On that wonderful Durham road, drive the new Honda NSX. Power comes from a 3.0-litre, quad-cam 274bhp VS, enriched by variable valve timing and variable valve lift thus, on paper, offering terrific low-end tractability and lively big-rev performance - it's red-lined at 8000rpm.

    Feels like a normal car at first. No intimidation. You don’t have to climb over a massively wide sill (which helps duct air to the mid-mounted twin water radiators of the 348) nor do you have to climb down into the seat, having vaulted a high sill, as you do in the claustrophobic cabin of the Esprit.

    It just feels like a normal car. A CRX almost, except you're sitting lower, and the windscreen is deeper, and the tail higher. You don't have to steel yourself, prepare yourself, for a new and vastly different experience. You just get in (entry and exit is easy), sit straight-ahead (none of the askew nonsense that the other three demand, thanks to the absence of front wheel-arch intrusion), adjust the steering wheel to suit (it's the only one with reach and rake adjustment) and go.

    And go fast! Faster, on any winding moorland road, than the other three. Easter to drive fast, what's more. The softer and more yielding nature of the suspension (double wishbones all round, although unlike the Ferrari's prosaic steel set-up. the Honda's are by elegantly forged aluminium alloy arms) means the car has nothing like the Ferrari's nervousness on sinuous British moors - about the only public roads where, in this country, cars like this can be pushed hard

    Whereas the Ferrari feels fidgety, a little headstrong, the Honda just absorbs the bumps and crests and dips as it charges insouciantly on its way. Unless you take real risks, or unless you have the skill of a Senna, the Honda is the quicker A-to-B public road tool. And that surprised us all.

    Yes, it floats a little more on the crests and, yes, its wheels don't enjoy quite the same close relationship with the tarmac that the Ferrari's huge and beautiful 17-inch alloys enjoy. And the steering - the least sharp of all these cars, and the one that weights up most at speed - doesn't chatter to you the whole time, talking to you, blabbering away.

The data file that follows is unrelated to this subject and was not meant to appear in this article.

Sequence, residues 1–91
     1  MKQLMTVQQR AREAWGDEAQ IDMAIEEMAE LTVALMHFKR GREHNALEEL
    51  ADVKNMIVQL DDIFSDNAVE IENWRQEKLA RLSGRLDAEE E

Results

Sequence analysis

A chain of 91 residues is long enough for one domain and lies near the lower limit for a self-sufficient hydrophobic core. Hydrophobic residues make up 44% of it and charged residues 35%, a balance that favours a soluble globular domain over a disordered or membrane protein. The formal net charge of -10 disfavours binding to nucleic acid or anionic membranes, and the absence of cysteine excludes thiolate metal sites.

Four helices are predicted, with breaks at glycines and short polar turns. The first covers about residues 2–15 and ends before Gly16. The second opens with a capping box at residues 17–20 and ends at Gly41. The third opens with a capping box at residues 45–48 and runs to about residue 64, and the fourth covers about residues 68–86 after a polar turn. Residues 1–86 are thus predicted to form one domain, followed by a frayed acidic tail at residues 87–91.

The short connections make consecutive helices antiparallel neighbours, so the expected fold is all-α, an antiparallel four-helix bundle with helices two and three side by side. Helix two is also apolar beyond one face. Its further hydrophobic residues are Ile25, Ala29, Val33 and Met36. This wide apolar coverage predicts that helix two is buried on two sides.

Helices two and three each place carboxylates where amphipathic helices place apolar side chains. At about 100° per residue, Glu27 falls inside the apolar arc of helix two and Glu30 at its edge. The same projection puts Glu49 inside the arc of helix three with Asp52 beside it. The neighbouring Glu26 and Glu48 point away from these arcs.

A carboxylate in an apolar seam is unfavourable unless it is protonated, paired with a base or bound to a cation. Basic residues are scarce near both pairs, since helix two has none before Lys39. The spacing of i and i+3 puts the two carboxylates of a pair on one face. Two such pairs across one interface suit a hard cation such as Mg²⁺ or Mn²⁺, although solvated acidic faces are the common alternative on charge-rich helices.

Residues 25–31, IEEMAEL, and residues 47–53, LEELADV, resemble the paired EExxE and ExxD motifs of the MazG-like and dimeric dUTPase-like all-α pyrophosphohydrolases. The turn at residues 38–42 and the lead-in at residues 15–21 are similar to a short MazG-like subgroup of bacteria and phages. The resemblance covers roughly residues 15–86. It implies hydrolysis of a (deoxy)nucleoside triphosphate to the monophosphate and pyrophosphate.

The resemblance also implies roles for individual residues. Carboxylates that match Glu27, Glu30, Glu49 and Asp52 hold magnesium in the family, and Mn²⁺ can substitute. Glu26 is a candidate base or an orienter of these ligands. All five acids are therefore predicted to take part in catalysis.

Mind you, like most hyperactive things, the Ferrari's steering can get tiresome. On long trips you may curse the 348's wrist-jarring character, and the slight high-speed nervousness, preferring a quieter, gentler companion.

    But it's fast, this Honda. Seriously fast. In real terms, quicker than the Ferrari, both on the public road and, as we discovered before venturing to Durham, quicker on the racing circuit as well. On the track, at Castle Combe, the NSX was the quickest of the bunch (best lap, 1 min 14.4, compared with 1min 15.3 for the 348). What's more, it was the easiest car to drive on the bumpy Wiltshire track. You could lap all day at the NSX's best time, no fuss, no worry, no danger of spinning off and bending expensive aluminium alloy bodywork on crude steel barriers.

    Not so the Ferrari. It is much harder work, at the Combe, just as it is on a winding moorland road. It's firmer sprung, more of a racer, much more throttle-responsive, a car that wants to duck and weave. It has to be manhandled, quite physically, to make it go fast (heavy steering, heavy clutch, heavy slow-shifting gearchange, heavy brakes). It taxes and tests you. Drive the Ferrari fast-very fast - and you’ll sweat. The Honda is easy. Impressively, antiseptically easy.

    The NSX will understeer at the limit, in a safe, controllable way that will frighten no buyer (whether they be serious racers, or poseurs who want nothing other than a pretty set of wheels). Stray near to the 348’s (very high) limits and you can just start to feel the rear - so well anchored down at medium-high speeds – getting pendulous. Push a little harder and you'll be doing a blood-curdling, no-holds- barred, oversteer slice which will look wonderful (if you don’t lose control) and feel wonderful (if you don't lose control). And while all this excitement is going on, the Honda will be going just as fast, in its unexciting understeering way.

    On a less bumpy circuit than Castle Combe, the Ferrari would almost certainly have matched the Honda’s lap time. The asperity of the Castle Combe surface upset the nervous disposition of the Italian car: its steering kicked our wrists, and it seemed to be darting around, nervously and uncomfortably, even on straights. Its very firm suspension - the Ferrari has noticeably less body roll than its rivals, and the biggest tyres - does it no favours at a circuit like the Combe. You can tell the car has been set up for Ferrari's glass-smooth test circuit.